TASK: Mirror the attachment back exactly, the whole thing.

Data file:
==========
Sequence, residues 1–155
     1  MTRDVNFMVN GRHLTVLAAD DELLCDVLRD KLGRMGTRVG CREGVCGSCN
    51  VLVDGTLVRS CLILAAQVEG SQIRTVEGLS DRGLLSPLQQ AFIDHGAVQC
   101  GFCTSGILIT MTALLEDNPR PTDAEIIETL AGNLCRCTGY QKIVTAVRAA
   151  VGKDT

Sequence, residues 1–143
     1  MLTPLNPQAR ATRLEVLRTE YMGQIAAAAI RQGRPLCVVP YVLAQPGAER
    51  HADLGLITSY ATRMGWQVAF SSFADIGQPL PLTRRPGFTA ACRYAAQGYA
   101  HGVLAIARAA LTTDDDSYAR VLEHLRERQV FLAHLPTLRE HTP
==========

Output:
Sequence, residues 1–155
     1  MTRDVNFMVN GRHLTVLAAD DELLCDVLRD KLGRMGTRVG CREGVCGSCN
    51  VLVDGTLVRS CLILAAQVEG SQIRTVEGLS DRGLLSPLQQ AFIDHGAVQC
   101  GFCTSGILIT MTALLEDNPR PTDAEIIETL AGNLCRCTGY QKIVTAVRAA
   151  VGKDT

Sequence, residues 1–143
     1  MLTPLNPQAR ATRLEVLRTE YMGQIAAAAI RQGRPLCVVP YVLAQPGAER
    51  HADLGLITSY ATRMGWQVAF SSFADIGQPL PLTRRPGFTA ACRYAAQGYA
   101  HGVLAIARAA LTTDDDSYAR VLEHLRERQV FLAHLPTLRE HTP